Ramdani goes on to write: “Teachers at my infant school, following the national curriculum, told me and my classmates that, no matter what our heritage, we owed a large debt of gratitude to fair-skinned, red-haired tribesmen from the Iron Age and the early Roman period.”
She says that when it comes to “being French… submission was encouraged” to values and beliefs that as a Muslim-Algerian she found difficult to adhere to.
Ramdani says, “One of the aims of my book is to cut through the myths and describe a country where there is mass dissent and where political institutions aren’t fit for purpose. While French elites are joining an increasingly powerful transnational global class, those left behind are becoming more and more dissatisfied. The world is changing rapidly, and France isn’t changing with it – institutions are in urgent need of reform.”
Despite the suggestion of a Sixth Republic Ramdani explains she doesn’t believe in a “utopia” or even a “near-perfect system”, adding: “I just think that reform is essential in any serious society.”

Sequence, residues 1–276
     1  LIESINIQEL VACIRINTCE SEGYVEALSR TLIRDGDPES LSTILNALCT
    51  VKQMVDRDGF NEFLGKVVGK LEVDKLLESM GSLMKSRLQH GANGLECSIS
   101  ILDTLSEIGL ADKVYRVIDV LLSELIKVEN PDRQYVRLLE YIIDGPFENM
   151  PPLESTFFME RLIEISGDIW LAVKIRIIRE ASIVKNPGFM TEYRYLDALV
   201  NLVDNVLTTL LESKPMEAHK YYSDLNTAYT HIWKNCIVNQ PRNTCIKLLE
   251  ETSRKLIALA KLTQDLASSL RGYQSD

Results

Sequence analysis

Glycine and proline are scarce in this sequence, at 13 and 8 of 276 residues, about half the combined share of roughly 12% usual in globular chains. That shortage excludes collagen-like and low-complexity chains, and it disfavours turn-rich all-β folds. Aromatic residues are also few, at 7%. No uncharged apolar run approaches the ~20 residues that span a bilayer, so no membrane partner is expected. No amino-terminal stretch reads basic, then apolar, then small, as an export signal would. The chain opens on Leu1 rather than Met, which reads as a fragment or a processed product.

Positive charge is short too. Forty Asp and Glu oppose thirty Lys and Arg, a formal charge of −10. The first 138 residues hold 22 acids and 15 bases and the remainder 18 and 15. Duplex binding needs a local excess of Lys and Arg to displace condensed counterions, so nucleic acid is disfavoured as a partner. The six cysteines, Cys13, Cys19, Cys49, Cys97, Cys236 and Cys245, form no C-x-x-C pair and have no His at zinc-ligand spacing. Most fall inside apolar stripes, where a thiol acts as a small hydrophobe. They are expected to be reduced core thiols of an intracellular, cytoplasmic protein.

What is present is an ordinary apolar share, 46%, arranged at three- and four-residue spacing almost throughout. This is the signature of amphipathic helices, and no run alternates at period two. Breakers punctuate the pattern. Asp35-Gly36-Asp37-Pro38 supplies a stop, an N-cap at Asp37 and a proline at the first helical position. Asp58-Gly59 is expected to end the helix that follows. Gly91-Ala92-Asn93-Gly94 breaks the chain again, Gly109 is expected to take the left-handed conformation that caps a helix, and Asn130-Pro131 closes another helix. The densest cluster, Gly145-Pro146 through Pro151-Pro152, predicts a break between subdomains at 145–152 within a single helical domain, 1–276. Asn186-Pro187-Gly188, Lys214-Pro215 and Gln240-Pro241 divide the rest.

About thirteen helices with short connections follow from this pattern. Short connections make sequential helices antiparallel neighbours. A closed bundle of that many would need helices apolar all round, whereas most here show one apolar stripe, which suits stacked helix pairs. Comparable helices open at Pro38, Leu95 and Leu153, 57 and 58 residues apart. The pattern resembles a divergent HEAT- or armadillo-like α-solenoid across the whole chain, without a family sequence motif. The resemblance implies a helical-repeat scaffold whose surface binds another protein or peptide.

In Fixing France, Ramdani says moving abroad was an option for success; she has since taught both in the US at Michigan University and the UK at Oxford University.
“A perennial criticism of modern France is that it relies on its history, including its myths, and that it doesn’t move on. I’d like to see a more Anglo-Saxon work ethic, with people from every class and background given the chance to compete economically. Such opportunities should extend into the social system, with those from disadvantaged backgrounds incentivised to elevate themselves."
Ramdani’s suggestion of establishing a Sixth Republic on an Anglo-Saxon work ethic seems hollow. There’s no perfect system as she herself admits and she doesn’t make a strong enough argument to acknowledge the limitations of an Anglo-Saxon work ethic for it to be seriously considered in the user manual of a revolution for the Sixth Republic.